This article is part of our guide on buying real estate during a recession, available here.
Two things are instantly impacted by inflation and hyperinflation: short-term needs (such as energy and food) and credit. The impact on markets is clear-cut, but the effect on credit is more nuanced and intricate.
So, what else is there to know about hyperinflation and real estate? Well, a lot. In this article, we’ll help you understand everything you need to know about this relationship by defining hyperinflation, revealing countries that have experienced it, explaining what happens to real estate with inflation, and if it is good to own real estate during high inflation.
Hyperinflation is defined by rapid, excessive, and unchecked economic price hikes. While inflation gauges how quickly prices increase for goods and services in an economy, hyperinflation refers to inflation rising swiftly—typically by more than 50% per month.
By measuring the buying power of the greenback using the Consumer Price Index (CPI), the Bureau of Labor Statistics calculates inflation. The CPI is an index of prices for approximately 94,000 products and services, eight thousand rental housing unit estimates, and prices for clothing, home items, prescription pharmaceuticals, pre-owned cars, postage, and airline tickets.
The Federal Reserve typically works to maintain what it refers to as a healthy inflation rate of close to 2% over the long term. A high inflation rate is greater than 2%.
Hyperinflation is present when prices increase by more than 50 percent per month. When hyperinflation takes place, daily rises could reach 200% or more.
Although hyperinflation is uncommon in contemporary economies, it has frequently happened in countries throughout history. Some of these countries that have experienced hyperinflation are discussed next.
What Countries Have Experienced Hyperinflation?
As the world’s nations dabbled with fiat currencies guaranteed by the complete trust and credit of the authorities that issued them, hyperinflationary crises arose over the past century.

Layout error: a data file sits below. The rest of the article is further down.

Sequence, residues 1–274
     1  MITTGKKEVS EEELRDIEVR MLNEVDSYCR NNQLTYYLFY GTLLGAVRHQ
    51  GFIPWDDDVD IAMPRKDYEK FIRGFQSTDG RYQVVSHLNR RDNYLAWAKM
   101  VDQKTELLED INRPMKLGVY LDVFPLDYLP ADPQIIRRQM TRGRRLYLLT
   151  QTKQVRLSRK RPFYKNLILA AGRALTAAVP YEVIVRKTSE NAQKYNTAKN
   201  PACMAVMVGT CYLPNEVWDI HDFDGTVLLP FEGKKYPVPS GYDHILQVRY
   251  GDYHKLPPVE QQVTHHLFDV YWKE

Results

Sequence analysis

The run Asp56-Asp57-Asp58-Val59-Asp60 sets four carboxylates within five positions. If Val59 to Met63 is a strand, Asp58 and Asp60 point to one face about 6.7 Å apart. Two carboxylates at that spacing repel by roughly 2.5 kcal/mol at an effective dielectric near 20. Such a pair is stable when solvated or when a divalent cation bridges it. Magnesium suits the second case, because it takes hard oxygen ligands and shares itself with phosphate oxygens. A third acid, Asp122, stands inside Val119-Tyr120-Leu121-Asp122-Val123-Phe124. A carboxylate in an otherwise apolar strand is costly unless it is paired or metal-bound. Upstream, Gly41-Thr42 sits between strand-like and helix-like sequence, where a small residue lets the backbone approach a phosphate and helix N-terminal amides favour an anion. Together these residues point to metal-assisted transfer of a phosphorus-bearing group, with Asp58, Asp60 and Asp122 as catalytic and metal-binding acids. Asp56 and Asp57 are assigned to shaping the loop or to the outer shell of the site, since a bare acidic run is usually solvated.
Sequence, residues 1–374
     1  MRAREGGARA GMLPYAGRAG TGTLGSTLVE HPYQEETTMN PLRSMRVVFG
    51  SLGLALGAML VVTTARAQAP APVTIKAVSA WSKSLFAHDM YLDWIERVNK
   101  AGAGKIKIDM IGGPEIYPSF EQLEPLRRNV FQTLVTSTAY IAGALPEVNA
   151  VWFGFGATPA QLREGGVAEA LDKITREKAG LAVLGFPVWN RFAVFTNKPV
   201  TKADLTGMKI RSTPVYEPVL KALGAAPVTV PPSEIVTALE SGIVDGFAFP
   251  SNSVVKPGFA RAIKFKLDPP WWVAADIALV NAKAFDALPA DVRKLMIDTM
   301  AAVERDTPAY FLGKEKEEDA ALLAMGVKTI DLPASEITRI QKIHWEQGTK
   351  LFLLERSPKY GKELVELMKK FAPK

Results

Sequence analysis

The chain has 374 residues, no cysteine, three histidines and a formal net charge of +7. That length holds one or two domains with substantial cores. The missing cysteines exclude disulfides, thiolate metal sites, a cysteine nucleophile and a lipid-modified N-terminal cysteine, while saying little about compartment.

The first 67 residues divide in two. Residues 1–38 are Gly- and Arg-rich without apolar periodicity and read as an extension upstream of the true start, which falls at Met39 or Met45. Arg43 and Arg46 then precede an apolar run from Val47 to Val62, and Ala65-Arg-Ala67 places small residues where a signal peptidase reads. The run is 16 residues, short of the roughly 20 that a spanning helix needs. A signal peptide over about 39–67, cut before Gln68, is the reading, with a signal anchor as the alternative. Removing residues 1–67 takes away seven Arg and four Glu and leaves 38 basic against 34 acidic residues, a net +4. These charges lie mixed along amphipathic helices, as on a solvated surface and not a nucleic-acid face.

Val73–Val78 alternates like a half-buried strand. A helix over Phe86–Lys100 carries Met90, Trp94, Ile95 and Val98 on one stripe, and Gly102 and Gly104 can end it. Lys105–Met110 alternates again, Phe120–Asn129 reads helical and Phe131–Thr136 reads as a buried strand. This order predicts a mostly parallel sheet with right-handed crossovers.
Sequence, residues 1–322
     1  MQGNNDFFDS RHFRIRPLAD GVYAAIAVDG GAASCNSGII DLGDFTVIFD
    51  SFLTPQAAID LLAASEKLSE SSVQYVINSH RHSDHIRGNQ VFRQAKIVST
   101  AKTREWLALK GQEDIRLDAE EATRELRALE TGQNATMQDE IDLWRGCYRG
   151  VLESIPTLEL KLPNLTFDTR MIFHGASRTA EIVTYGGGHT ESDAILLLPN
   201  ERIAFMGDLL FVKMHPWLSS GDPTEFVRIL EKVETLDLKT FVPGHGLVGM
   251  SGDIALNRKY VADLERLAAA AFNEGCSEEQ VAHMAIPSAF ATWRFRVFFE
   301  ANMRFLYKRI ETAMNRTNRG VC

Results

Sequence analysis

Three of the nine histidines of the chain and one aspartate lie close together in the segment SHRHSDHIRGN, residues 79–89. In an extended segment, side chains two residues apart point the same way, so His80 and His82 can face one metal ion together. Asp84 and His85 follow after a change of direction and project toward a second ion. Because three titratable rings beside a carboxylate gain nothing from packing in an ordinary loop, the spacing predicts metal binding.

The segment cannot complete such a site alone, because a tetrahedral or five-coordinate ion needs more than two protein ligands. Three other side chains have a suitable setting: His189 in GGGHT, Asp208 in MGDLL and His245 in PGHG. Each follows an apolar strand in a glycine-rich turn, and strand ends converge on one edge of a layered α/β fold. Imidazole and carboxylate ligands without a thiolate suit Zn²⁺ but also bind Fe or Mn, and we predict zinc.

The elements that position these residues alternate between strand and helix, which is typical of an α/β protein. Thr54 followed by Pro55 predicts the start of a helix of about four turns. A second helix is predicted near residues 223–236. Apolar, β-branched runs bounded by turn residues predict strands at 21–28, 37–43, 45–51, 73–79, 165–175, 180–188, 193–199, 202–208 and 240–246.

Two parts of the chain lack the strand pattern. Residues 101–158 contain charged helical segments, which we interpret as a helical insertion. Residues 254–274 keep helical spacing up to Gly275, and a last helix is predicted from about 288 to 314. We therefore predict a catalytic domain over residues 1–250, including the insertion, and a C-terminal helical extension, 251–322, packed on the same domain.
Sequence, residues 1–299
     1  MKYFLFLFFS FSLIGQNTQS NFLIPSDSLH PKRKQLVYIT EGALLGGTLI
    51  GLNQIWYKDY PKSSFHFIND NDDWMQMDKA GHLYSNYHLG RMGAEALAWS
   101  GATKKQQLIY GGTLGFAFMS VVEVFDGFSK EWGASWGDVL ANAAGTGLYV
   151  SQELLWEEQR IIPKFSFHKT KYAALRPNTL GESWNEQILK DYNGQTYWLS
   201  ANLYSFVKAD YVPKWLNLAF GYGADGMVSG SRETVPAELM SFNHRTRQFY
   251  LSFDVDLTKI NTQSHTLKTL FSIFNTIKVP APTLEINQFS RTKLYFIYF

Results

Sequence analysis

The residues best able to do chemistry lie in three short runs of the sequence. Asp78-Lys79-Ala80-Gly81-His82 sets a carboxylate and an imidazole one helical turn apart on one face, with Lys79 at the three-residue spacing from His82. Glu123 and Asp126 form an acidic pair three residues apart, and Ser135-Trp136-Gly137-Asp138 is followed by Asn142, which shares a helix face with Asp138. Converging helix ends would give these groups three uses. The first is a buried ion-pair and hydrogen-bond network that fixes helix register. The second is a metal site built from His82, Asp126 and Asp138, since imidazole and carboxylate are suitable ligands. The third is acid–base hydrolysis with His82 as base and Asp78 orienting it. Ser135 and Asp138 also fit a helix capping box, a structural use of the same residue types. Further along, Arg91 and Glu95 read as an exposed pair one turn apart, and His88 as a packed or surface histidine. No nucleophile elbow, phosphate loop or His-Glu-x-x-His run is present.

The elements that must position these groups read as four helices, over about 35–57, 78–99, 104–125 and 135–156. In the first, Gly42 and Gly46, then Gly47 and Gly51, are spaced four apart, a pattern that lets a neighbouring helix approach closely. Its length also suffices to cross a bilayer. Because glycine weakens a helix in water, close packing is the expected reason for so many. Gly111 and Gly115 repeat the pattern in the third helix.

One such case is that of Zimbabwe. After Robert Mugabe’s land reforms of 2000–2001, during which land was mainly confiscated from white farmers and transferred to the majority black population, Zimbabwe saw a lengthy, grinding decrease in economic output. Over the subsequent nine years, output fell by 50%.
Inordinate government budget deficits were caused by socialist reforms and a costly commitment to the Congo’s civil war. The population of Zimbabwe was also falling as individuals left the nation at the same time. As a result of these two conflicting factors—increased government expenditure and a shrinking revenue base—the government was forced to monetize its fiscal deficit.
All of this led to several years of hyperinflation. The Zimbabwean dollar’s value had fallen so low by the time its hyperinflation period was over that it had to be substituted with several foreign currencies.
Another example of hyperinflation is Venezuela. According to the International Monetary Fund, the country’s consumer prices increased at a startling rate of more than 65,000% between 2017 and 2018. (IMF). By 2020, it had decreased to just 2,360% per year.
Venezuela’s money and economy were obviously in crisis, and its citizens were in severe distress, given that central banks like the U.S. Federal Reserve (Fed) and the European Central Bank (ECB) strive for annualized targets of roughly 2%-3%.